Revisiting Predictions

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In August 2008 Paul Jay spoke  with Naomi Klein about Obama’s campaign and promises. Two years down the road we can look back and compare what he said with what he’s done.

Obama’s foreign policy positions have become indistinguishable from those of McCain. His campaign was virtually built around absorbing, co-opting and quieting the anti-war/anti-fascist/anti-imperialist movements.

How far do you go before winning becomes losing, and becomes just a shiny new paintjob hawked by a very good salesman?

August 26, 2008 9 min 38 sec

Naomi Klein on Obama and the intellectual and political integrity of the progressive movement


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    • Edger on August 29, 2010 at 21:16

    2 years and millions of blog posts and comments later?

  1. wow.

    so what is she saying now??

    We do know this. Far from being “made whole,” the Gulf coast, more than likely, will be diminished. Its rich waters and crowded skies will be less alive than they are today. The physical space many communities occupy on the map will also shrink, thanks to erosion. And the coast’s legendary culture will contract and wither. The fishing families up and down the coast do not just gather food, after all. They hold up an intricate network that includes family tradition, cuisine, music, art and endangered languages – much like the roots of grass holding up the land in the marsh. Without fishing, these unique cultures lose their root system, the very ground on which they stand. (BP, for its part, is well aware of the limits of recovery. The company’s Gulf of Mexico regional oil spill response plan specifically instructs officials not to make “promises that property, ecology, or anything else will be restored to normal”. Which is no doubt why its officials consistently favour folksy terms like “make it right”.)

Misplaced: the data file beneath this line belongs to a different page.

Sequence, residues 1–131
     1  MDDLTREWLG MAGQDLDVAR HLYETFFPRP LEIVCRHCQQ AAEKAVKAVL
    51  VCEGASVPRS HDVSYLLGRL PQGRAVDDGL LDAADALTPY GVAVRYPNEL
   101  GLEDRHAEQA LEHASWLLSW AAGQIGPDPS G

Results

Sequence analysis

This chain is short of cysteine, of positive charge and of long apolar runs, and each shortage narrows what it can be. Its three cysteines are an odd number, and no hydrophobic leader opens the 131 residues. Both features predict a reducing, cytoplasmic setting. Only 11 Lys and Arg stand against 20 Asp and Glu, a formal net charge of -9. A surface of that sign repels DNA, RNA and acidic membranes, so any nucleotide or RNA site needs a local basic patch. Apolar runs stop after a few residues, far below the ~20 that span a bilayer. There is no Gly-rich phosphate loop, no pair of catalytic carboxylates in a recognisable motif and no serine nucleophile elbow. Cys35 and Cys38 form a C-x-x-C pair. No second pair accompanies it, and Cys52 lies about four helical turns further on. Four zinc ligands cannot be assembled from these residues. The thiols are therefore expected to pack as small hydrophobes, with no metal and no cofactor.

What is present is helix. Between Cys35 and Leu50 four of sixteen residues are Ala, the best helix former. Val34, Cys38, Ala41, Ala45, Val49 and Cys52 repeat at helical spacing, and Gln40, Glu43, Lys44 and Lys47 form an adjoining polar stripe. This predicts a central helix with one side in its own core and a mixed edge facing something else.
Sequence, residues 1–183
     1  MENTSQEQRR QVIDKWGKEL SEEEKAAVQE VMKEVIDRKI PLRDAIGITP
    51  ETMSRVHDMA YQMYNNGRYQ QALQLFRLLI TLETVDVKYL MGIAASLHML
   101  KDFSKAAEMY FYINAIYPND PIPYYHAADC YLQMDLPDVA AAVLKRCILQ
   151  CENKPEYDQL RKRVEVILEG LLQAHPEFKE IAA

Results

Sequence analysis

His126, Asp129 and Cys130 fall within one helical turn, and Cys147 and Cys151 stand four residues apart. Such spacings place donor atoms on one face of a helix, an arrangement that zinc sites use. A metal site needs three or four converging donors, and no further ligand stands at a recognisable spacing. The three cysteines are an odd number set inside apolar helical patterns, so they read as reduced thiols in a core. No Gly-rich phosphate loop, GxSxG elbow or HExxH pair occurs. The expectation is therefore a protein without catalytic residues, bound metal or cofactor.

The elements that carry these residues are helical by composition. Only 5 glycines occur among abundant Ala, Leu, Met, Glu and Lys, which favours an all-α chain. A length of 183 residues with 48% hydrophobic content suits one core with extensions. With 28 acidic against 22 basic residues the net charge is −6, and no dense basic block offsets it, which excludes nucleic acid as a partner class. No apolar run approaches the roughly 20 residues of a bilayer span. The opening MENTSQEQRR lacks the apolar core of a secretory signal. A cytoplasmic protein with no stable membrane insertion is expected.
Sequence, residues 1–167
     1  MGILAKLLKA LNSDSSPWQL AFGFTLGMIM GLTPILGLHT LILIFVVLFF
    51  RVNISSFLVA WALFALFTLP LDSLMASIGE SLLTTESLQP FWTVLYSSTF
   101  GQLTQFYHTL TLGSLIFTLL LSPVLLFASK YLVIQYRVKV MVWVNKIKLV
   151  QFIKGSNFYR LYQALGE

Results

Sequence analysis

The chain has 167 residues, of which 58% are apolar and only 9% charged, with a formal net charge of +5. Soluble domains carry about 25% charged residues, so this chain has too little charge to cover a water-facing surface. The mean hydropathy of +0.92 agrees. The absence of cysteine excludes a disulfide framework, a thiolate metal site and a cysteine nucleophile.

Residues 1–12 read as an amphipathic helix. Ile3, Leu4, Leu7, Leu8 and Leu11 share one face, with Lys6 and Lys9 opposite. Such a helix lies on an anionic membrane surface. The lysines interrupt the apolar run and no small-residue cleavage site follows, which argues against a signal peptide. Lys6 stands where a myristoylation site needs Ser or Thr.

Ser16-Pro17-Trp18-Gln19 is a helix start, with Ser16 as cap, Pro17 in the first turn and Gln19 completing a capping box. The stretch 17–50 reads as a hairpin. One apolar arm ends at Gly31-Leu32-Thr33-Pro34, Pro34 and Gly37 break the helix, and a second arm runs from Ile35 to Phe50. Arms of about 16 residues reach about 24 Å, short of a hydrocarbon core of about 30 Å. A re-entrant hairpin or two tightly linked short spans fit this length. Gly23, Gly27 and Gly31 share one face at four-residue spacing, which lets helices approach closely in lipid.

If Katrina pulled back the curtain on the reality of racism in America, the BP disaster pulls back the curtain on something far more hidden: how little control even the most ingenious among us have over the awesome, intricately interconnected natural forces with which we so casually meddle. BP cannot plug the hole in the Earth that it made. Obama cannot order fish species to survive, or brown pelicans not to go extinct (no matter whose ass he kicks). No amount of money – not BP’s recently pledged $20bn (£13.5bn), not $100bn – can replace a culture that has lost its roots. And while our politicians and corporate leaders have yet to come to terms with these humbling truths, the people whose air, water and livelihoods have been contaminated are losing their illusions fast.

    This Gulf coast crisis is about many things – corruption, deregulation, the addiction to fossil fuels. But underneath it all, it’s about this: our culture’s excruciatingly dangerous claim to have such complete understanding and command over nature that we can radically manipulate and re-engineer it with minimal risk to the natural systems that sustain us.

    June 19 2010

  2. … picking between Obama and McCain, we were not deciding between an enemy and an ally, but deciding which enemy we preferred to have in the White House.

    Gosh, where do I collect my “correct prediction” prize. I’d like low sodium microwave popcorn, thanks.

    • banger on August 31, 2010 at 00:24

    They would have seen that the Obama candidacy was carefully engineered. Yes, it was a conspiracy by the oligarchs to defang the left (never hard in this country) and allow this period to go by without substantial change even if people want the change. It has worked perfectly so far. The rich continue to get richer and the rest of us are ready for austerity which we will get as sure as the cold wind will blow through the Loop in Chicago this winter.

    It is so silly that the rich have funded the Tea Party movement to beg the government to impoverish them to avoid a move towards “socialism.” How cool is that!

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